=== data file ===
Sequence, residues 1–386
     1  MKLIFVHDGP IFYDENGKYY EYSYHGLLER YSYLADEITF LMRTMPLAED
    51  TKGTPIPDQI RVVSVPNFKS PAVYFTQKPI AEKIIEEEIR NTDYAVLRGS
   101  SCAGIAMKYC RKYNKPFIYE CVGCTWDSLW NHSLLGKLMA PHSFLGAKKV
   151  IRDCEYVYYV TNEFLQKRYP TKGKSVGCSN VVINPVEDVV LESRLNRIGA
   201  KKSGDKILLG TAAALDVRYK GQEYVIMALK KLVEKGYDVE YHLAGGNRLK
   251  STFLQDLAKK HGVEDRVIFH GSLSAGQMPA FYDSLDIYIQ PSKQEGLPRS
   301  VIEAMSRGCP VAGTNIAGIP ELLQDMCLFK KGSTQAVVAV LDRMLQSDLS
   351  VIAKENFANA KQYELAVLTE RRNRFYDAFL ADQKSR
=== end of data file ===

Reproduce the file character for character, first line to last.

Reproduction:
Sequence, residues 1–386
     1  MKLIFVHDGP IFYDENGKYY EYSYHGLLER YSYLADEITF LMRTMPLAED
    51  TKGTPIPDQI RVVSVPNFKS PAVYFTQKPI AEKIIEEEIR NTDYAVLRGS
   101  SCAGIAMKYC RKYNKPFIYE CVGCTWDSLW NHSLLGKLMA PHSFLGAKKV
   151  IRDCEYVYYV TNEFLQKRYP TKGKSVGCSN VVINPVEDVV LESRLNRIGA
   201  KKSGDKILLG TAAALDVRYK GQEYVIMALK KLVEKGYDVE YHLAGGNRLK
   251  STFLQDLAKK HGVEDRVIFH GSLSAGQMPA FYDSLDIYIQ PSKQEGLPRS
   301  VIEAMSRGCP VAGTNIAGIP ELLQDMCLFK KGSTQAVVAV LDRMLQSDLS
   351  VIAKENFANA KQYELAVLTE RRNRFYDAFL ADQKSR